Homily: “Do You See This Woman?”
Today’s readings are about confronting injustice with story-telling. Nathan tells David a story about a man who steals another man’s sheep; Jesus tells the Pharisee a story about two people who owed great debts.
I really love the story of the woman of the Gospel. Part of me really wants to relate to this woman, for two reasons: first, she put her whole self into this experience, her mind, her heart, her body – her whole self. She didn’t let anything hold her back – her reputation, protocol, religious laws nothing held her back from pouring out her gratitude for having experienced God’s forgiveness. I love that about her. How often do we put our whole selves – heart, mind, body – into anything?
But I also relate to this woman because I know what it feels like to stand in need of forgiveness, and then to receive that forgiveness, that grace, and to feel not only grateful but even transformed, as if I could start my life all over again. So one part of me can really put myself in her place.
Now, another part of me doesn’t want to relate to Simon the Pharisee, but knows I should. We know this story, don’t we? We know that every single one of us, at one time or another, fits in Simon’s shoes, or sandals, as it were. It’s that human thing, right? Jumping to conclusions, judging other people, justifying ourselves. Simon has got nothing on us.
He’s a curious kind of person. He can’t resist inviting this traveling preacher to his home, but how warm is the welcome, and how sincere the hospitality – how great is the honor – if Simon neglects even the usual customs of providing water to wash the feet of his guest, or oil for anointing his head, or even the traditional greeting of a kiss? He doesn’t just neglect Jesus, he actually sits there and has the nerve to doubt Jesus’ true status as a prophet because, well, of course, a ‘true‘ prophet would be able to tell that this woman who was touching him – horror of horrors, making Jesus unclean, too – was a ‘sinner’!! Everybody in town knew about this woman, and this would-be prophet, Jesus, couldn’t tell what kind of person she was, and there he was, letting her pour this extravagant display of affection on him! ’Disgraceful’!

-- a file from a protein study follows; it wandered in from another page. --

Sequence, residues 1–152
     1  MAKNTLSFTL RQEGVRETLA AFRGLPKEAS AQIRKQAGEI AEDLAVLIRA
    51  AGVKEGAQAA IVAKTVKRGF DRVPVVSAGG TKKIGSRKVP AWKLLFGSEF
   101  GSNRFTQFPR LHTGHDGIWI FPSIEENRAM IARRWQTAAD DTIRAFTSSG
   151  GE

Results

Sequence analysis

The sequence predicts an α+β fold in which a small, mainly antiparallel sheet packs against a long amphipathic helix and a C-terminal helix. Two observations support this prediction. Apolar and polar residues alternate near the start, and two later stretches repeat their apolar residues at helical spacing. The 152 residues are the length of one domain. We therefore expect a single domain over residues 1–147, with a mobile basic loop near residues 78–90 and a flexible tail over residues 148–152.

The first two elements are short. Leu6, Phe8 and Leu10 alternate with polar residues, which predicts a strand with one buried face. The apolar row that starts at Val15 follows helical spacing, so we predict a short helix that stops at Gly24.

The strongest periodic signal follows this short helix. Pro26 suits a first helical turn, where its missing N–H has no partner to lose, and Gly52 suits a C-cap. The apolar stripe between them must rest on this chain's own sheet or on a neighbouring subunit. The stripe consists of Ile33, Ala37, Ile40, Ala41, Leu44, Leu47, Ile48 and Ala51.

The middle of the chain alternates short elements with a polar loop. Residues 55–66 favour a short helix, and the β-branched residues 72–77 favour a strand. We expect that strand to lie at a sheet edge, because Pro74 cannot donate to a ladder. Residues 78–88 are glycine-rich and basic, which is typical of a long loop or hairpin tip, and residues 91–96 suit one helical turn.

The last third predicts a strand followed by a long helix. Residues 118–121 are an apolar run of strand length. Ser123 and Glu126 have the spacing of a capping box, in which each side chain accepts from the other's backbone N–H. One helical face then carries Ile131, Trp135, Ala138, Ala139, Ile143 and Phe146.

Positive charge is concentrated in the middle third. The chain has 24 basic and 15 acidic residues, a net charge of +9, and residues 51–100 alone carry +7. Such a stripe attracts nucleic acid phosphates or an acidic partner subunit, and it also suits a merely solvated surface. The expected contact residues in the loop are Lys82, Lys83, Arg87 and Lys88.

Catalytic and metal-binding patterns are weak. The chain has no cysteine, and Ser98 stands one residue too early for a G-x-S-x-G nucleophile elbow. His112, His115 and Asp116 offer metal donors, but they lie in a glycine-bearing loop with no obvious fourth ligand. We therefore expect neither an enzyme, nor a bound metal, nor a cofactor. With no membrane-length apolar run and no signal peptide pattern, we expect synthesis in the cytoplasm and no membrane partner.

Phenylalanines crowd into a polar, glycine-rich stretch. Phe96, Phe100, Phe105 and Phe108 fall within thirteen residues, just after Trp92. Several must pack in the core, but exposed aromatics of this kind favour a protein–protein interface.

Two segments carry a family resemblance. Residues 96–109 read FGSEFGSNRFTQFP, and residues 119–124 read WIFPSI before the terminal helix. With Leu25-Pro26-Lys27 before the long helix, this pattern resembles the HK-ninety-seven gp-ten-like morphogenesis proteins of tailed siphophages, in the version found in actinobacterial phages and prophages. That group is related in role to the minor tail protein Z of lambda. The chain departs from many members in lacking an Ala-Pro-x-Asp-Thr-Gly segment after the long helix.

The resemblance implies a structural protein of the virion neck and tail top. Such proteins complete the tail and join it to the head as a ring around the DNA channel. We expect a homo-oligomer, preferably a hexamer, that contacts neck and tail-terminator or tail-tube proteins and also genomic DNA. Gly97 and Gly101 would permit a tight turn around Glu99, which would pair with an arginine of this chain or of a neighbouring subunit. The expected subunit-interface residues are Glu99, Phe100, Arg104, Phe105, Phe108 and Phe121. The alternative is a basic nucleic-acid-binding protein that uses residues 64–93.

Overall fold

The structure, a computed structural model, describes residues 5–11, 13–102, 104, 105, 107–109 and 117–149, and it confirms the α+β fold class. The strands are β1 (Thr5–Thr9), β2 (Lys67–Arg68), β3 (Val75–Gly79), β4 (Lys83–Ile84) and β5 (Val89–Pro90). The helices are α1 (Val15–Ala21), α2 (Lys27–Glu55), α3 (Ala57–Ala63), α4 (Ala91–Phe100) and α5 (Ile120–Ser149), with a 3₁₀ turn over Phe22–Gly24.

Dis-graceful. Yes. Not-full-of-grace. I’m thinking about Simon, and I’m feeling rather judgmental myself, too. I can get really worked up about his treatment of this woman, his hypocrisy, and his skepticism about Jesus. It almost feels ‘good’ to read about somebody so ‘bad’, and to compare ourselves to them, and to be satisfied with the result.
I find it very easy to feel compassion and understanding for the sinful woman who is judged by Simon. I feel kind of good about myself, as matter of fact, because obviously I’m so open-minded and kind-hearted, and Simon the Pharisee is a hypocritical, judgmental, merciless religious tyrant.
Hmmmm….how did I get to such a place? How is it that I can so easily divide the world into two kinds of people, the good and the bad? From this safe distance in time and place, it feels like I can easily open my heart to this unnamed woman, and close it up absolutely to this man, Simon the Pharisee. So I can imagine Jesus saying, “Warren, do you see this man?”
For I think the most important sentence in this text may be the simple question, “Simon, do you see this woman?” Simon, can you look past your pre-conceptions, your assumptions, your cherished beliefs, your social status, your religious prejudices…and see a child of God? Simon, can you accept the lesson she is teaching you at this very moment? Simon, can you turn off that harsh voice playing in your head, and open your heart to the tenderness of this moment? Simon, can you let grace change your life?